Over the past few years, LinkedIn has made several changes to its platform to make it more useful to marketers. LinkedIn took a lot of inspiration from Facebook when it comes to some of the new features it recently added. The latest example of this inspiration can be seen in the new engagement options LinkedIn introduced.
For years, LinkedIn used a single option for liking a post on the platform. However, having a single form of engagement makes it difficult to know why a person liked or post. LinkedIn addresses this issue by creating a new set of reactions. There is no reaction for negative engagement, but users will be able to choose between Like, Love, Insightful, Curious, and Celebrate.
In a post announcing the new reactions, LinkedIn provided some examples of how the reactions could be used. LinkedIn’s Cissy Chen wrote, "You can use Celebrate to praise an accomplishment or milestone like landing a new job or speaking at an event, or Love to express deep resonance and support, like a conversation about work-life balance or the impact of mentorship. Insightful can help you recognize a great point or interesting idea, while Curious lets you show your desire to learn more or react to a thought-provoking topic."
A more diverse range of options lets marketers know how people truly felt about their content. Understanding why someone liked a post is more useful than knowing merely knowing they enjoyed the content. This information can help LinkedIn content creators craft posts that will pique the interest of the audience.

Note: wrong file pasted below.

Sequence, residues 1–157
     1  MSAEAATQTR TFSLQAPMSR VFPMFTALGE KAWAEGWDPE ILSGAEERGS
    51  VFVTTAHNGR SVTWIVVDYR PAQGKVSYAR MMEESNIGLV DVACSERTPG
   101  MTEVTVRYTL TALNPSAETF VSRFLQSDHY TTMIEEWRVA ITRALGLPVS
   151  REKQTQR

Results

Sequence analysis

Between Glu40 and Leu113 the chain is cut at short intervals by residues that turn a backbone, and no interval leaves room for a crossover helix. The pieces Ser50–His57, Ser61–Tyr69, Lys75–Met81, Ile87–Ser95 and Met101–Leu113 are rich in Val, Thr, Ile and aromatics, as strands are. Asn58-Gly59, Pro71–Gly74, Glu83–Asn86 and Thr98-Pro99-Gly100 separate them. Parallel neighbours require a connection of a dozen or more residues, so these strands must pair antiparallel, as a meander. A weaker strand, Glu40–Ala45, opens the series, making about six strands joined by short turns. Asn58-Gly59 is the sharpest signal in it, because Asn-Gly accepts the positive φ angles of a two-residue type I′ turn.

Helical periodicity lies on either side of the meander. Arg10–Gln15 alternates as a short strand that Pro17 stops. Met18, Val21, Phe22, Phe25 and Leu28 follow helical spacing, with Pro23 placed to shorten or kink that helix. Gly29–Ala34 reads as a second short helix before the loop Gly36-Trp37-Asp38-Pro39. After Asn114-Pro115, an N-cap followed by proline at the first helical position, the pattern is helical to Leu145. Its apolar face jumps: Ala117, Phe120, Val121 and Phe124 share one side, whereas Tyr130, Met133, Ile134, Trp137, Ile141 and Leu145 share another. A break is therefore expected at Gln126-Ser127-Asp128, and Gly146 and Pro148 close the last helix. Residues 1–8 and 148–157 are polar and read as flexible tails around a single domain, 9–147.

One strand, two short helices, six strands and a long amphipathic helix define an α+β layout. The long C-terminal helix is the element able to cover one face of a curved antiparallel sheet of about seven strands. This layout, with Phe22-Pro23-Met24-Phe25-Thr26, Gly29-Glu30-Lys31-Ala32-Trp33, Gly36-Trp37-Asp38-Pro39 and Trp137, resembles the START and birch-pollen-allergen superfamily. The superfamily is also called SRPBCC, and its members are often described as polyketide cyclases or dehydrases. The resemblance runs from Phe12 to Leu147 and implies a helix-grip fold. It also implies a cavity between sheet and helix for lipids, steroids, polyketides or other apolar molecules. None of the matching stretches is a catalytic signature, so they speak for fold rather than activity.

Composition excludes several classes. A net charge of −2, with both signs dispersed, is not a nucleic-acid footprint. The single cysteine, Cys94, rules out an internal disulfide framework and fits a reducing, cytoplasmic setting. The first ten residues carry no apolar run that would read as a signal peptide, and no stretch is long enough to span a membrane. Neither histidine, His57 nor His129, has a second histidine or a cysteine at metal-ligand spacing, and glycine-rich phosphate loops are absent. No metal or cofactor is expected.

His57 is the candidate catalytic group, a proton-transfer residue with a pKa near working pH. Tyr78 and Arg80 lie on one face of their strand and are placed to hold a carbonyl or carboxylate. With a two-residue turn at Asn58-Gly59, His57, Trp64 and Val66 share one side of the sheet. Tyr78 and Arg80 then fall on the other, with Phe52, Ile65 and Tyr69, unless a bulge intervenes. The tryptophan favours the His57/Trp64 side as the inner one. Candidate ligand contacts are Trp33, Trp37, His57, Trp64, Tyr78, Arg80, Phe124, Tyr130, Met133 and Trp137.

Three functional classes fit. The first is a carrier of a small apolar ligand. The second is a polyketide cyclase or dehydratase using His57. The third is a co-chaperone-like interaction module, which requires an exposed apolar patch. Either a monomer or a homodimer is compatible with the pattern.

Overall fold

The lack of negative engagement options can be a blessing and a curse for LinkedIn marketers. On the positive side, there's no reason to worry that a post will get a lot of negative engagement. So no one will come to the company's page and find posts with a lot of angry reactions. In an age of social media activism, where a company's social media profile becomes the target an activist campaign, the lack of negative reactions makes it harder for people to make a company look bad by spamming their posts with negative reactions.
However, LinkedIn users are somewhat restrained without a full range of emotional reactions. If a company posts an announcement about an upcoming change, the company should want to know if people are unhappy about the proposed change. Similarly, some posts require reactions that show sympathy or offer condolences.
If using the new reactions sounds like fun, you won't have to wait long to experience it for yourself. LinkedIn said the new reactions are starting to roll out now. In the coming months, the feature will become available to all LinkedIn users around the world. And the reactions will work with the LinkedIn mobile app and on the website version.
The new reactions from LinkedIn aren't a game changer, but they are a welcome change for social media marketers. More diverse emotional responses make it easier to gauge the effectiveness of a social media marketing campaign. One can hope that LinkedIn will expand the options in the future. Either way, the new reactions can lead to a deeper understanding of audiences on LinkedIn.
For more recent news about changes to social media platforms, read this article on the new Facebook feature that explains how your News Feed is generated.